The fourth quarter officially ended on Dec. 31 and now, federal candidates — Dem. U.S. Senate Mark Begich,former DNR Commissioner Dan Sullivan, and Lt. Gov. Mead Treadwell — are busy preparing their reports due to the FEC by Jan. 31. It’s hard work. Each receipt has to be accounted for, and politically suspect contributors need to be checked, and in some cases scrubbed and their checks sent back. Some, particularly the ones who have raised lots of money and have lots of checks they are accounting for, are spending more time than others.
Senate candidate Joe Miller, for one, likely isn’t spending tons of time with all of that. From looking at his past reports, he’s not putting much time and energy into fundraising, nor is he engaging in high-profile events that catch the eye of the media. What he appears to be doing instead is taking a page out of his own playbook: he’s slowly, but surely, building grassroots support, far from the eyes of the media. Just this past weekend, for instance, he met with living-room groups in Anchorage, Wasilla, and Sheep Mountain.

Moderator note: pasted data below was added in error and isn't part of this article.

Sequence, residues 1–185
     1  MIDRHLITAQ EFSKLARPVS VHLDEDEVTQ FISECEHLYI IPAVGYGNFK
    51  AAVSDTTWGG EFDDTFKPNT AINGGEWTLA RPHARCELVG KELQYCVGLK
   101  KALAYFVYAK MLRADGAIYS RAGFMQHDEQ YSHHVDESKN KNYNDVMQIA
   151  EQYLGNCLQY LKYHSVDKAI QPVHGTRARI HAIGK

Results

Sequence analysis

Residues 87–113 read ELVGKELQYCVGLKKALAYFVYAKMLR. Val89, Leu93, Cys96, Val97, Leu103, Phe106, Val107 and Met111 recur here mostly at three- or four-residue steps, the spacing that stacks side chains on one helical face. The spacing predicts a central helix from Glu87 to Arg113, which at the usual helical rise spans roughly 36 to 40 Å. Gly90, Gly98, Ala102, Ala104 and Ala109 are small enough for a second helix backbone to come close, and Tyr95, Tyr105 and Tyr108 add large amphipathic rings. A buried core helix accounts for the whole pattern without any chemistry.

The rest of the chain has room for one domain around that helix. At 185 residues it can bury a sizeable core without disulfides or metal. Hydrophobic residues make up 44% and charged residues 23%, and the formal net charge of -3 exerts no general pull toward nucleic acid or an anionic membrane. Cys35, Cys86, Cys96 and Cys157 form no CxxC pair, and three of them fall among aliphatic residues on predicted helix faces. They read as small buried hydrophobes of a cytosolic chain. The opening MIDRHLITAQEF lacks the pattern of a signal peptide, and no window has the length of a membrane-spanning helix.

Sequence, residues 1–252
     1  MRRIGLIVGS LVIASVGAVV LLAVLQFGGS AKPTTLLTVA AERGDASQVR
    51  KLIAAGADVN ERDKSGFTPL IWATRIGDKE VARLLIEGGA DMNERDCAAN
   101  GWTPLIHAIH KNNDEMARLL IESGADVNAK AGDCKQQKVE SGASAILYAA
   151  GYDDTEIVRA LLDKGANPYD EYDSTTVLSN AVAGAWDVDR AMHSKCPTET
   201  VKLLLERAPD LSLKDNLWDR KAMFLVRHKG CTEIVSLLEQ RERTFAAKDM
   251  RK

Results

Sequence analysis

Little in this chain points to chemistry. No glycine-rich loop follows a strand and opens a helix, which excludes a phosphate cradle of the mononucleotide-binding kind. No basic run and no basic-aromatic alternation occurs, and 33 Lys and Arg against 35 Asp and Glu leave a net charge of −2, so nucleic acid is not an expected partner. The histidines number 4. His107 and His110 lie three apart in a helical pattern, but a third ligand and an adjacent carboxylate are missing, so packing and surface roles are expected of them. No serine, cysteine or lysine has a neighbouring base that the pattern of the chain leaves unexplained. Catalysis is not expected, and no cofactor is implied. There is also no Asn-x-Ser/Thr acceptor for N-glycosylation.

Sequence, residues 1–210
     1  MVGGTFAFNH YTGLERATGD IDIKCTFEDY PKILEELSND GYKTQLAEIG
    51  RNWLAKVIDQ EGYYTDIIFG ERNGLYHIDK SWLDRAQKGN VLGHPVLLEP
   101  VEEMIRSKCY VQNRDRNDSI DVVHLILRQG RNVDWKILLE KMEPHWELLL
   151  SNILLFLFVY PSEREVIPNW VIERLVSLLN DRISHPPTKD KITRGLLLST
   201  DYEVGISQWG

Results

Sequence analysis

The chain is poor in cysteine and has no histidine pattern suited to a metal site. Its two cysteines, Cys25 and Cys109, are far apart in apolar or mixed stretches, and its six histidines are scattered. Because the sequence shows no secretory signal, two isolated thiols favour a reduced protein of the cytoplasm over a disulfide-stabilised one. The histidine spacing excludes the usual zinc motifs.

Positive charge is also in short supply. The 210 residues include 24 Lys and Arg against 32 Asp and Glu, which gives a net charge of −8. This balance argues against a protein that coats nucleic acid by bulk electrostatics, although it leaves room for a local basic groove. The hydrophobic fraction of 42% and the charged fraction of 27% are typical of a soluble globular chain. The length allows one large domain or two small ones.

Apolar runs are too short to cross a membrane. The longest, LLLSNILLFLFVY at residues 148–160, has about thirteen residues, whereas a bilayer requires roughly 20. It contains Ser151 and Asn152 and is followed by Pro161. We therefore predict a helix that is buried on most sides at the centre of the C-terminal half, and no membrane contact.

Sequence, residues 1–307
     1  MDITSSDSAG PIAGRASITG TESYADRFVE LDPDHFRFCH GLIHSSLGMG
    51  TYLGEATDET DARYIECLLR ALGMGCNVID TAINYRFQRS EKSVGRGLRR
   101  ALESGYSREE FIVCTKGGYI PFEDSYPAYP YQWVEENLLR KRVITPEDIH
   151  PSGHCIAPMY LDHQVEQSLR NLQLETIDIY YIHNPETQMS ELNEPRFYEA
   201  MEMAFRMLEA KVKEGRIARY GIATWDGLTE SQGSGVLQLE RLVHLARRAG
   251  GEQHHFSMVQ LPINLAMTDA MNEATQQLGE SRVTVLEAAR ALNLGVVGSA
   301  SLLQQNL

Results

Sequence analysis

Mike Coons, who is the former head of the Conservative Patriot Group and writes for a blog The Alaska Conservative, attended one of those meetings. He said that the room was packed.
Coons supported Miller in 2010, the last time he ran. This time, he hasn’t yet decided who he will vote for in the Republican primary. Treadwell isn’t conservative enough for him, and hasn’t yet heard much from Sullivan. He’s leaning strongly towards Miller because of his conservative values and because he’s reaching out to people like him.
“Stealth mode has advantages,” Coons said, who saw how it worked for Miller in 2010, when seemingly out of nowhere, Miller beat Murkowski in the Republican primary.
Indeed, in 2010, Miller didn’t file for that race until April, and only a few months prior to that, Murkowski’s polls had her positives at more than 60 percent. Murkowski had a war chest. Miller was a pauper in comparison.
Yet he won the primary. As Miller’s spokesperson, Randy DeSoto put it then: “If your message is good and it resonates with people, the person with the biggest bank account doesn’t necessarily win.”
One Valley political activist noted that people are so committed to Miller’s message, that his gatherings are reminiscent of revivalists meetings. The other candidates may have a lot going for them, but none, as of yet, have that.
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